Surah Anfal [8]:12 says “I shall cast terror into the hearts of the infidels. Strike off their heads, strike off the tips of their fingers.”
Surah al-Nisa’[4]:74 says “Let those who would exchange the life of this world for the hereafter, fight for the cause of God….”
Surah al-Nisa’[4]:56 says “The true believer fights for the cause of God, but the infidel fights for the devil.”
Surah al-Nisa’[4]:101 says “The unbelievers are your inveterate enemies.”
Surah al-Ma’idah [5]:51 says “Believers, take neither Jews nor Christians for your friends.”
Only in a truly Bizarro world can those passages NOT be an incitement for some to violence, to “evil and inhuman” acts. Are there other passages in the Qur’an mitigating these? Yes.
4 But many of these more benevolent passages are also considered by many Muslims to have been abrogated by the more martial ones.
Many, Muslim and non-Muslim, try to make the counter-argument that “all religions have violent passages.” Let us take one prominent example: the New Testament. There is really only ONE passage in the entire New Testament that can be construed as promoting violence—Matthew 10:34: “[Jesus said] Do not think that I came to bring peace on the earth; I did not come to bring peace, but a sword.” But, the following verses explain that Jesus was speaking metaphorically and not advocating a quick trip to the local Jewish armorer: “For I came to set a man against his father, and a daughter against her mother and a daughter-in-law against her mother-in-law; and a man’s enemies will be the members of his household. He who loves father or mother more than Me is not worthy of Me; and he who loves son or daughter more than Me is not worthy of Me.” The belief in Jesus as the Messiah and the Son of God will divide even families. Also, Jesus explicitly told his followers to turn the other cheek when struck (Matthew 5:39; Luke 6:29) and, for those of you who may not have heard the story, voluntarily allowed himself to be crucified by the Romans. Did his teaching later get twisted into a state ideology—beginning with the Roman Emperor Constantine? Indeed. But that is the point: Jesus’ teachings had to be forced to fit into a Roman (and later Carolingian, Crusader, etc.) suit of armor—whereas the chain mail of Islamic armies was fashioned directly out of Muhammad’s revelations.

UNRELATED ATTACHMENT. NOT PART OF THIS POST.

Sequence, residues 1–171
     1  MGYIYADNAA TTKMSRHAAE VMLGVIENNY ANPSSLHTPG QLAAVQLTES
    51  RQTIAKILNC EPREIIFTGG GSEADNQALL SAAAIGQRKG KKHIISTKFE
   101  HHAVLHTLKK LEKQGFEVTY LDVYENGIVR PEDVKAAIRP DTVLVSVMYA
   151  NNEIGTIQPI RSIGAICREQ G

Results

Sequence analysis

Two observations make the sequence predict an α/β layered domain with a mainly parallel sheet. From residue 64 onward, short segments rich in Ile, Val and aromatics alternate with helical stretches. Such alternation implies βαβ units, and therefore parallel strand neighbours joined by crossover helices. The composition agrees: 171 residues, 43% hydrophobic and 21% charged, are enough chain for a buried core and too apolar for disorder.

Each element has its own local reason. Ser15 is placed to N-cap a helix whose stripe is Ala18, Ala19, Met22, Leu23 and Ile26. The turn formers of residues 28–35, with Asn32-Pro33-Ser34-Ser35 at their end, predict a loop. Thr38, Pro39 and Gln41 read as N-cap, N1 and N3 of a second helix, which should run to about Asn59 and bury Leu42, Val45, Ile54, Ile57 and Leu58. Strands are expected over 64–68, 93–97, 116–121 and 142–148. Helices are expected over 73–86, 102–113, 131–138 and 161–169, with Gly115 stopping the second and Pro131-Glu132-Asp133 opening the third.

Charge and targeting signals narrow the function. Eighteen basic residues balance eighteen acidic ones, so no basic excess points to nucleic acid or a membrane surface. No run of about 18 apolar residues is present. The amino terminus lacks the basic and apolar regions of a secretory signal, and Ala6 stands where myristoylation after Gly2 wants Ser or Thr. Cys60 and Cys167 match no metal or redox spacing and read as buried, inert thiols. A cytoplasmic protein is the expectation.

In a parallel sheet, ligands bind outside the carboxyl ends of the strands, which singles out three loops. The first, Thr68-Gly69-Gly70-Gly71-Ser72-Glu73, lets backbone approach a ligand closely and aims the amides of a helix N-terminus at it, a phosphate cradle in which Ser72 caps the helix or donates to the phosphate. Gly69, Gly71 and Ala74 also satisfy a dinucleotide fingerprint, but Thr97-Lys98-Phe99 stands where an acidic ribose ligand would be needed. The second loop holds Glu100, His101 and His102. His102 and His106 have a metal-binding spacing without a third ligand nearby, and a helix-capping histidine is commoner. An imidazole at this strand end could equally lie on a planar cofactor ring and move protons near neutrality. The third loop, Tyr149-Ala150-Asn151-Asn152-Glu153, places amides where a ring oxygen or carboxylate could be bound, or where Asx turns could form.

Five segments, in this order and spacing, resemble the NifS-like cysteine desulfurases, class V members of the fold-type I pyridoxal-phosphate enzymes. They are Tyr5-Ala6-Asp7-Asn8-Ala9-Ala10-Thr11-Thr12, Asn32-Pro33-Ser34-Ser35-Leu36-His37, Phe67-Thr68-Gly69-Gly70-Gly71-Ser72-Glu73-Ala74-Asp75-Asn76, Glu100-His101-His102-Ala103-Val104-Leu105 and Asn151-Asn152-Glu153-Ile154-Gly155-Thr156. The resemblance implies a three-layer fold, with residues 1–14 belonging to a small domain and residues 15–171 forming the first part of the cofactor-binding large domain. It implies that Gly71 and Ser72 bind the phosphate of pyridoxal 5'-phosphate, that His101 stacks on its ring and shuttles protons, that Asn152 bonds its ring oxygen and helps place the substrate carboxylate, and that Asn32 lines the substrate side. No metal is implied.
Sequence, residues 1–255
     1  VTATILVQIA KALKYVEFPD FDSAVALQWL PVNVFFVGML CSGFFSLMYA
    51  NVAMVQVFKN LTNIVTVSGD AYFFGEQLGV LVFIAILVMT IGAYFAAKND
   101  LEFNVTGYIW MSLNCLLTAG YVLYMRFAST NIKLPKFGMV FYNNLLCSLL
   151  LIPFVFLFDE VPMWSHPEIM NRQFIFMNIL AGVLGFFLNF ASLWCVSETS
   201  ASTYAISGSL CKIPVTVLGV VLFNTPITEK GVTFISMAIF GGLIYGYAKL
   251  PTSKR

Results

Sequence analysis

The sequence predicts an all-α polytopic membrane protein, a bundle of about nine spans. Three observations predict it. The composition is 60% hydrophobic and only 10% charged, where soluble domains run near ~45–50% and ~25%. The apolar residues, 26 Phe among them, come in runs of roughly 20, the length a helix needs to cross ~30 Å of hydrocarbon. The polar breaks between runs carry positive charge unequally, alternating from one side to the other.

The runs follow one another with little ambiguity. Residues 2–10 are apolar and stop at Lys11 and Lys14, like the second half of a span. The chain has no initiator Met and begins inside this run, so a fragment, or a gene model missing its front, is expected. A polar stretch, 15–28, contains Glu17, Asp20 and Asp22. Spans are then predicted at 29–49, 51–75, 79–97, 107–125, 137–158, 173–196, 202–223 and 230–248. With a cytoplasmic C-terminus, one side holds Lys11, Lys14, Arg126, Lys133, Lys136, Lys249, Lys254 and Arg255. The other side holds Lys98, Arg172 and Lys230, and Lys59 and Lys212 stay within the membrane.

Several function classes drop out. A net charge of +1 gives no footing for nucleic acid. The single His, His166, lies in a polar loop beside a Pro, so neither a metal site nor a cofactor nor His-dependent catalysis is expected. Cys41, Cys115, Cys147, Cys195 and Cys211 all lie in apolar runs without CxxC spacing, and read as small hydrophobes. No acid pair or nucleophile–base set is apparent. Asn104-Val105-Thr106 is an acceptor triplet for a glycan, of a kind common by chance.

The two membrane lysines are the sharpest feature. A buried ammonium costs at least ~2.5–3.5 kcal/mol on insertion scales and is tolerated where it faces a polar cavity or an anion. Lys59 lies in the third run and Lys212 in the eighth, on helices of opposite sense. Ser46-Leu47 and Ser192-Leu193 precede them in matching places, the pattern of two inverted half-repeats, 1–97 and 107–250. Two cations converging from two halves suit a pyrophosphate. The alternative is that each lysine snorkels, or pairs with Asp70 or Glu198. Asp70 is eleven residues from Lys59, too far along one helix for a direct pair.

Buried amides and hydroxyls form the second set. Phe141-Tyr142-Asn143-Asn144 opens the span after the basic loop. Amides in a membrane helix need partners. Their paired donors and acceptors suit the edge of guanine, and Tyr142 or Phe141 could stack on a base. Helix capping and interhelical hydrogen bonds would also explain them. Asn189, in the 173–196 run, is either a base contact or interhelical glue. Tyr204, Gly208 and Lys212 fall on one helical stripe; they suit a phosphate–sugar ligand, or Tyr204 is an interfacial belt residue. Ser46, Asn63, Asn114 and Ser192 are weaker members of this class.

Pope Benedict XVI is too smart a man not to have known what would be the repercussions of quoting an exasperated Byzantine emperor on Islam. By doing so the pope has thrown down the gauntlet to the Islamic world, subtly insisting that true “dialogue” between the world’s largest (Christianity) and second-largest (Islam) religions demands that the latter own up to its historical misdeeds every bit as much as the former has had to do for at least a century. Unfortunately, honest historical and theological reflection in the Islamic world would seem to be far too “unreasonable” to contemplate for many of the world’s Muslims
1 Available at,,1873277,00.html
2 John Paul II, Fides et Ratio (Boston: Pauline Books, 1996).
3 Interestingly, regarding this last point Benedict XVI seems to contradict his predecessor, who in Fides et Ratio, p. 91, said “In preaching the Gospel, Christianity first encountered Greek philosophy, but this does not mean at all that other approaches are precluded.”
4 Surah al-Furqan [25]:65ff says Allah will be merciful to those who do good works; Surah al-Baqarah [2]:256 says “there shall be no compulsion in religion” (although the kidnappers of those two Fox newsmen seem not to have read this); and Surah al-Nisa’ [4]:19ff commands Muslim men to provide for wives and ex-wives.